Gardener harvesting eggplant

Seeds of Change
Story 57

The Edible Schoolyard Kern County serves its community with garden-fresh food and education that helps form the foundation for lifelong health.

Lynette Zielezny: It started with a faculty member, Professor Aaron Hegde, who did research on food and security here at Cal State, Bakersfield. What we learned is that a large percentage of our students are actually food insecure, and they don't know where their next healthy meal is coming from.

Kiyoshi Tomono: There's always been this kind of, it's almost a rite of passage, if you will, this idea that when you're in college, you don't have a lot of money, you've got to be starving, right? And you're going to have times where you can't afford food. I think that as an organization that's really interested in the health and well-being of our community and individuals, we need to say, "Well, maybe that's not okay."

Lynette Zielezny: The produce, as you notice today, because it's Wednesday and it's popup pantry day, so the produce is absolutely gorgeous. All of that produce comes to our food pantry, and our students that wait just seeing the surprise of what produce is offered to them, and they have recipes that are given to them, and they're so grateful to have this fresh food that really does provide wellness. It absolutely could not happen without the support of Adventist Health with the Grimm Family Foundation, who really came to support us with this idea.

Kiyoshi Tomono: Adventist Health wants to be more than just a healthcare company. We want to be a health company. I think we've realized over the last couple of years, especially with the pandemic, it gave us a chance to pause and reflect and realize how important well-being and wellness is to all Americans, as we're all kind of dealing with this kind of existential mortality moment, right? Healthcare, as the name implies, really is kind of, "Well, what do we do to help care for people that may not be healthy, but how do we get upstream of that?" We're not seeing you when you're having a heart attack or you're having a stroke, so that we don't see you when you're at that stage, but we can actually maintain your health and well-being. And that's where gardens and programs like this come in.

Dylan Wilson: The Edible Schoolyard Kern County is an advisor to the CSUB student affairs team. As they are managing the space, we're able to come onboard with them and help them with their strategic planting plans, their pest management plans, and get to help and support in any way possible that we can to continue to see this ground cultivated and flourishing for food production for the students.

Kiyoshi Tomono: When you look at the Grimm Family Education Foundation and their Edible Schoolyard programs, you can see already kind of the tentacles of the work that they're doing, and then how it could potentially be iterated and copied in other spaces. They have this program where they realize a lot of kids here in the bread basket of California, where we produce so much great product like fruits, vegetables and nuts, these kids are going home hungry, number one, which is a huge problem. Number two, not everyone's getting the baseline fundamental knowledge of where their food comes from and how to prepare healthy food. Teaching them from the very beginning, what does an eggplant look like? Things that I didn't even think about. Cauliflower, it actually is like a flower. It sounds silly and almost absurd, but we don't even think sometimes about where our food comes from.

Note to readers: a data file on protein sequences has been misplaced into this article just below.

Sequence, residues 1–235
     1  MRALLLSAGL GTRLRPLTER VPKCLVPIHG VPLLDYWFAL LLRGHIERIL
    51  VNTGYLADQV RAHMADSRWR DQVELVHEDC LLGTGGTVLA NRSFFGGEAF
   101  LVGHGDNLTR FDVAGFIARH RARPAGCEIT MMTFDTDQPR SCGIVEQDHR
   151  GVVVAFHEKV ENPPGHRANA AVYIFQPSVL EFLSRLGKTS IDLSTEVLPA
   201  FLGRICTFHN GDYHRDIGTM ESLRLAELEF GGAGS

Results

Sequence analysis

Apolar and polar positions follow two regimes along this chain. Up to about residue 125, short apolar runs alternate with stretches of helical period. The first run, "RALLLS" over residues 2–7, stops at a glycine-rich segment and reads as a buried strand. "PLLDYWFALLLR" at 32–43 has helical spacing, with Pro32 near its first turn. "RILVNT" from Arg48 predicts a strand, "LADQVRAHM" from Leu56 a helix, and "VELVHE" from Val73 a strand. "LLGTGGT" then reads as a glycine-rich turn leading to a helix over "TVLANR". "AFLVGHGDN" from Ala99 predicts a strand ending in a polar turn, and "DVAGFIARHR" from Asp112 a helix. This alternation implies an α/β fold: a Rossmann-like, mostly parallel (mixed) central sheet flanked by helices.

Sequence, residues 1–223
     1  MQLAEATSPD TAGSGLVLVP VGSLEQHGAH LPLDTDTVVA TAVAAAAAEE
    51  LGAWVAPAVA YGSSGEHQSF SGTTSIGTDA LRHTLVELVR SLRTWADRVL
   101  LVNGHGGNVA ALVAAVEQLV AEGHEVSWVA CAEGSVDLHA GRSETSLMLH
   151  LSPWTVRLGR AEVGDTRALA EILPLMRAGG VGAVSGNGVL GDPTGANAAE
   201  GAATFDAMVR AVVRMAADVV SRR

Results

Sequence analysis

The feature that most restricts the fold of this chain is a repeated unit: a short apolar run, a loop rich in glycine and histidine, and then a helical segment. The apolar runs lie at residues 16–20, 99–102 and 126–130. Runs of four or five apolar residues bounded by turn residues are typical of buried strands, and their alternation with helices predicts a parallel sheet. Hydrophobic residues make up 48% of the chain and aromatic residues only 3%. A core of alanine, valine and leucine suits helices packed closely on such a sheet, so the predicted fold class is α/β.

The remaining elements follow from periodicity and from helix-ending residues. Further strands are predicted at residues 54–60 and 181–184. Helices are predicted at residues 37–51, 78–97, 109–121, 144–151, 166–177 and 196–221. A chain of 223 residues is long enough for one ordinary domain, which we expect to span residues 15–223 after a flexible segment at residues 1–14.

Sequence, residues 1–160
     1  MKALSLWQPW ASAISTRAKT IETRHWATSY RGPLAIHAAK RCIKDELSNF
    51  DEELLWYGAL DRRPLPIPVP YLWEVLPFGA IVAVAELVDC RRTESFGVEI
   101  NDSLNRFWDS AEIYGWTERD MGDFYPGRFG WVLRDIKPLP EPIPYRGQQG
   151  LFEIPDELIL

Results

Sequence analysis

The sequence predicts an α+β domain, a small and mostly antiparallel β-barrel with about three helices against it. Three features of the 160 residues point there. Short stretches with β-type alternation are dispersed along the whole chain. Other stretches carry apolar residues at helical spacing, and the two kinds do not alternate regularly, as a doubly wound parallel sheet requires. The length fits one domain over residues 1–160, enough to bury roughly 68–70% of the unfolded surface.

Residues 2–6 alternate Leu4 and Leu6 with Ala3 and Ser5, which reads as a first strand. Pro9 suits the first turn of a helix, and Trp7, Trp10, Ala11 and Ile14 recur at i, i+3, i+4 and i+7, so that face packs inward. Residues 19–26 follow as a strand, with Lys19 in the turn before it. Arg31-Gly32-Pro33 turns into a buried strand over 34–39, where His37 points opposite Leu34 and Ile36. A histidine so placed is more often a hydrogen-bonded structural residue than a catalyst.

The folks over at the Grimm Family Education Foundation approached us and said, "Hey, we really like this idea. What if we expanded this program and reiterated it in a different way, but still working really closely around student well-being?" They've already got some classes going around it, so the educational piece is great, too. It's not just food, handing out food. Because, we know from lots of past experience, handing out food baskets may not always be just the effective way, because people look at an eggplant and say, "What do I do with this?" You've got to do more than that. You've got to go even farther back upstream and say, "Okay, here's how you can make eggplant, and here's how that could be healthy and still taste good."

Dylan Wilson: My hope for this garden is that we can continue to see students from this campus benefit not only from the produce that comes out, but from the lessons that can be taught here on site. Getting to put their hands into the soil, getting to smell the flowers that are being grown adjacent to all these wonderful vegetables, they can be inspired by this space and by what happens at the food pantry and by the recipes that we're able to provide. They can take that home and have a life of wellness and continue to thrive and live happy.

Kiyoshi Tomono: This is just the beginning, I think. As we're going along this journey, especially over the next 10 years, we have this vision of making our communities well. This is a model that we can easily bring to other areas, and we can bring, potentially, right down the road. How do we bring elementary school students, perhaps, from this neighborhood over here to actually make this a learning space for them if they don't have access to a garden? It really is a privilege to know that we're working on projects that we may never see in the immediate five, ten years the impact of, but knowing that generationally, we may be able to have a huge impact. The saying is that you're planting seeds for a tree that you may never enjoy the shade of, but somebody down the road may be able to. It really is a privilege and honor to do this work.